Now this is working really hard:
To understand what’s fishy about the observable Higgs mass being so low, first you must know that it is actually the sum of two inputs: the bare Higgs mass (which we don’t know) plus contributions from all the other Standard Model particles, contributions collectively known as “quantum corrections.”
The second number in the equation is an enormous negative, coming in around minus 1018 GeV. Compared to that, the result of the equation, 125 GeV, is extremely small, close to zero. That means the first number, the bare Higgs mass, must be almost the opposite, to so nearly cancel it out. To some physicists, this is an unacceptably strange coincidence.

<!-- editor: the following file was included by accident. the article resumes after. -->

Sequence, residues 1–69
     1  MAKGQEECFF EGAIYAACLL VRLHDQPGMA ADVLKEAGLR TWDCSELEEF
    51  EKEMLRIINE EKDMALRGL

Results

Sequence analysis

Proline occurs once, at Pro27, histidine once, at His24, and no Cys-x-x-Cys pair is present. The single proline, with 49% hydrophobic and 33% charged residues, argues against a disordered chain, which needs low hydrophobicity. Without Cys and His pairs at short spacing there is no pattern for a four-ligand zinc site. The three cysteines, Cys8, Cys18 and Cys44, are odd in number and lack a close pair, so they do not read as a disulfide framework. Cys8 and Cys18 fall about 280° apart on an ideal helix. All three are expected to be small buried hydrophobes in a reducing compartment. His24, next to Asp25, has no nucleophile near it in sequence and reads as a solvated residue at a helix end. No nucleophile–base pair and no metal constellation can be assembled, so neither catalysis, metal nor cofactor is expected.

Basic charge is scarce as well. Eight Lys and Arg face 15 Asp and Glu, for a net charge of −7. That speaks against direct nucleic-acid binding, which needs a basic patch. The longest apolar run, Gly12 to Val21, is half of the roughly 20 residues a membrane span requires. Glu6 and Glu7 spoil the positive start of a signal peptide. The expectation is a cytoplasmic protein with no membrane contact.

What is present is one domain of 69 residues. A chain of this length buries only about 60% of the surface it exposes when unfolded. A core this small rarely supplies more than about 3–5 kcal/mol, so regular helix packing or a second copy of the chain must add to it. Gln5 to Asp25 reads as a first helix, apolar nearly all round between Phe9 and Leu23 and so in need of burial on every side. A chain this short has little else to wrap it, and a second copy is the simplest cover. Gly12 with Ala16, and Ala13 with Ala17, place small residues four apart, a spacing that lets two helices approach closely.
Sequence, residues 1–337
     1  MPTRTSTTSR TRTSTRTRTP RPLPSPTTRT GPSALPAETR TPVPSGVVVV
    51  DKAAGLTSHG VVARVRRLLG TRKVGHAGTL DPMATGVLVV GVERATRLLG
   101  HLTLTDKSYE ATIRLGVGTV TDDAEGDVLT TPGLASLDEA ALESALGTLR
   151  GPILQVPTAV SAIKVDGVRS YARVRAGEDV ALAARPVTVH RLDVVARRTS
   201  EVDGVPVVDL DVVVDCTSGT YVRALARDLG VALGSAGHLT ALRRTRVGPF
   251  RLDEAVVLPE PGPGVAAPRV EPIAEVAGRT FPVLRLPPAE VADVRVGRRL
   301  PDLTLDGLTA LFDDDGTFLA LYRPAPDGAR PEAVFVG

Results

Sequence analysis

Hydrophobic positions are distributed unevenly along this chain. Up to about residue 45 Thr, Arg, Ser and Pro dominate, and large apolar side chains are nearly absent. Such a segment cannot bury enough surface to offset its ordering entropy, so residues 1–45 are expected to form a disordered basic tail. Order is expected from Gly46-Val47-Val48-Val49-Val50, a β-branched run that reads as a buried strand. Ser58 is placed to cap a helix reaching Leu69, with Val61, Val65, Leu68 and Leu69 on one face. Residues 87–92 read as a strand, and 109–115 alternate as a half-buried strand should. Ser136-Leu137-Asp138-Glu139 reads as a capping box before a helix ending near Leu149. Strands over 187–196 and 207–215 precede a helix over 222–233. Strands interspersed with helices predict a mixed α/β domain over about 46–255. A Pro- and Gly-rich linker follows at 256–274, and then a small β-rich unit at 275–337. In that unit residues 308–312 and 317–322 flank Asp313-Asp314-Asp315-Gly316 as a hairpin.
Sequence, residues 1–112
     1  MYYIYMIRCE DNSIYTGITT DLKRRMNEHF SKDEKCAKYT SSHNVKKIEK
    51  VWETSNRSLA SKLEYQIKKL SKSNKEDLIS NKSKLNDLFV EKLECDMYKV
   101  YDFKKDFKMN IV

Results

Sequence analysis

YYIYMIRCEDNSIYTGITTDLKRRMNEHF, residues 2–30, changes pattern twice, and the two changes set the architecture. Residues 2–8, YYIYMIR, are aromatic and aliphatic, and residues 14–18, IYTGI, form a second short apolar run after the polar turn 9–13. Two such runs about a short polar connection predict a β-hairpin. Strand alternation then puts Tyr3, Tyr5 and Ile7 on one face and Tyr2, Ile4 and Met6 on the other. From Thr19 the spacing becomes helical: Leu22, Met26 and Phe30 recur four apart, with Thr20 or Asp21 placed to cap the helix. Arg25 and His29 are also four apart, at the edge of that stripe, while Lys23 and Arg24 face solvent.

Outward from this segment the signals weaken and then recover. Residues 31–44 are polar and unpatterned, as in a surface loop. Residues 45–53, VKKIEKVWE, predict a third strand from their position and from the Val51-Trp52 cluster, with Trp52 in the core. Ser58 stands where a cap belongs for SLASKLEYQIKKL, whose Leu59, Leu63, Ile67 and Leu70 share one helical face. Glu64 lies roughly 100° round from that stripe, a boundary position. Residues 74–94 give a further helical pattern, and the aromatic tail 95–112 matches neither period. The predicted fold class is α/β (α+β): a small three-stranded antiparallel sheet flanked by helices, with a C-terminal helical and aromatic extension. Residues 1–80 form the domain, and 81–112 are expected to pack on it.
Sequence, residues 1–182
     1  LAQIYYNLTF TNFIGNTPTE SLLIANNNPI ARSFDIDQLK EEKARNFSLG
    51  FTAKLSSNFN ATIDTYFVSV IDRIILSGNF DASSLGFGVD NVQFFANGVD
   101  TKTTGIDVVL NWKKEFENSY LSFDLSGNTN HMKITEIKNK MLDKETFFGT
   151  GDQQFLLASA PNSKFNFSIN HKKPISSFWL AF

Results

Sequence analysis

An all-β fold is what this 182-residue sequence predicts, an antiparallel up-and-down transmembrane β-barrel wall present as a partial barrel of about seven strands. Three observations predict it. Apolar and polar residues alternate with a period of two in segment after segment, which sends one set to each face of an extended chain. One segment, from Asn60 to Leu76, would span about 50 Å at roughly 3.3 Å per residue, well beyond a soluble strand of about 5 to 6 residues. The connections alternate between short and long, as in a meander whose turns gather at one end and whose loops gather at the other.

Or it could be that it’s not the bare Higgs mass doing the heavy lifting here; it could be that there are additional contributions to the quantum corrections that physicists don’t know about.
Either way, many particle physicists aren’t comfortable with this situation. There’s no known underlying reason for these almost exact cancellations, and insisting that “it is the way it is” is unsatisfying.Madeleine O’Keefe, “Fine-tuning versus naturalness” at Symmetry
In general, we are informed, physicists want nothing in their theories that seems “contrived.” One physicist quoted puts her faith in supersymmetry and others dream of a final theory in which fine-tuning disappears.
Prediction: It’ll get worse. The no-fine-tuning theories will get crazier. The war on math, will intervene to create a welcome distraction.
See also: What becomes of science when the evidence does not matter?